Peelings | Inquirer News


/ 08:15 AM April 22, 2012

Setting: The kitchen table
Characters: an apple, a mango and a
Scenario: The three fruits lie sliced in separate bowls—ready to be served for dinnertime. Mother and daughter come in and look at the plates. Daughter picks a piece of pineapple.
Daughter: It’s amazing how that man in the market expertly cuts this pineapple. So fast! I wouldn’t stand holding a pineapple for long. It hurts on my hand.
Mother: Easier to peel the mango and apple?
Daughter: Yes, but I like the apple. They say you don’t have to peel it. Just munch it!

The three fruits started their own conversation. Let’s listen in.

Pineapple: See, that’s always my problem No one wants to hold me! I always hurt their hands.


Mango: But hey, didn’t you hear the little girl? People love to watch you being peeled. It’s an art, they say—trimming off your pointed leaves, turning your green top into a handle, removing your peel and then removing your sockets. Fascinating!


Apple: Yeah, I always envied you after you’re peeled and sliced. Look at how beautiful your edges are. Me? Some people don’t even peel me. They bite me right away and munch everything in me, peelings and all.

Pineapple: But look, Appo, if someone does peel you, he uses a peeler and then peel you in a spiral.  It’s exceptionally easy and just as fast as a knife. They treat you more gently than me, huhuhu!


Apple: Stop crying, Piney. Your peeling may be hard and a bit thorny, but hey you’re so sweeter than us. Don’t fruit flies get attracted so much to you?

Mango: Hey, I’m sweet, too! But people don’t peel me. They cut through me! Good for you, Piney and Appo. At least peeling off your outer skin is shallow and so your cores don’t get stabbed to the core.  I’m one of those fruits that people avoid buying because they don’t know how to cut me.

Pineapple: Hahaha, true, Mangeo. You’re so soft inside that if you’re not properly cut, you end up mushy and messy.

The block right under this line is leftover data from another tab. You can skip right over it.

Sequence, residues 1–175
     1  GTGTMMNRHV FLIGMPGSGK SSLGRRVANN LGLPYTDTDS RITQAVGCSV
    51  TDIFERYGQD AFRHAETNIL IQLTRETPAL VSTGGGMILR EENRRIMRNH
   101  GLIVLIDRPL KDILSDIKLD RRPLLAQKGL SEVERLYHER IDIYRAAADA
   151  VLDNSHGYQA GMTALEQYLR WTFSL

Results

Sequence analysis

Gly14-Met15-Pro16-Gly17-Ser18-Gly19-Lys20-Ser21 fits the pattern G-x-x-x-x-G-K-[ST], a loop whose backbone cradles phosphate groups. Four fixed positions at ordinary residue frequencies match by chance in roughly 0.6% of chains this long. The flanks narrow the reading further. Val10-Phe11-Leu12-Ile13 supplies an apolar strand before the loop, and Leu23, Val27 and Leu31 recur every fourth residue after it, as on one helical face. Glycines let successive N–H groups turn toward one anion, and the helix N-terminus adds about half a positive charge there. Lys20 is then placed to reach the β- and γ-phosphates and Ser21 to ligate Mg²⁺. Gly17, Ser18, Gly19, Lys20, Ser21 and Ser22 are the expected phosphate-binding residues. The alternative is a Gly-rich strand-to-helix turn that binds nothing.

Mango: Go on, make fun of me, Piney, you hard-skinned fool!

Pineapple: Sorry, my friend. Didn’t mean to hurt you.

Apple: Mangeo, don’t you see? Even if you’re cut not peeled, you’re tasty. You’re low in calories and can be eaten fresh or cooked .

Pineapple: Yeah, and you’re great with just about anything—chicken, fish, salsa, pancakes, smoothies, on ice cream, fruit salad, etc.

Mango: All right, I’m actually sweet inside, but people sometimes abuse my sweetness and softness that I end up mashed. Worse, if they drop me, I can’t be good to eat anymore. Unlike both of you—so hard outside.

Apple: Not me. Piney is. He’s of hard stuff. My skin is too thin.

Pineapple: Hah! People don’t want to touch me. They even stuff me hard into sacks and baskets. They think just because I appear hard on the outside, they can just throw me around. It still hurts you know.

Apple: Okay, okay, why are we bickering over our peelings? They’re just our covering. What’s inside is that matters. Hey guys, look at us now. They’ve peeled off our outer skins and we’re so beautiful-looking now for them.

Mango: We get served in a little while and  we make people happy. We complete their meal.

All: And that’s all that matters, whether thick skin, thin skin, hard skin or soft skin.

And as they merrily held on to each other, Mother whisked them away into the dining table.


God doesn’t focus on our outward appearance. It is what’s on the inside that matters most to Him.  “The Lord does not look at the things man looks at. Man looks at the outward appearance, but the Lord looks at the heart.” (1 Samuel 16:7)

Sadly, we live in a superficial world where people do judge on appearance.  It is important to present ourselves as nicely as possible, but God does not call us to go to extremes. Let’s be aware of why we do things to look good. Try asking yourself: 1. Do I focused more on my weight, clothes, or makeup than I fixing my eyes on God? 2. Do I judge people right away by their appearance?

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If  you answered “yes” to either question, then it’s time to reflect on your priorities. The Bible tells us to look closer at our hearts and actions rather than our presentation and appearance. “In the same way, on the outside you appear to people as righteous, but on the inside you are full of hypocrisy and wickedness.” ( Matthew 23:28.
So do you also feel like an apple, a mango and a pineapple? Or maybe you make others feel like they are apples, mangoes and pineapples?

TAGS: Beliefs, faith, fruits, Social Issues

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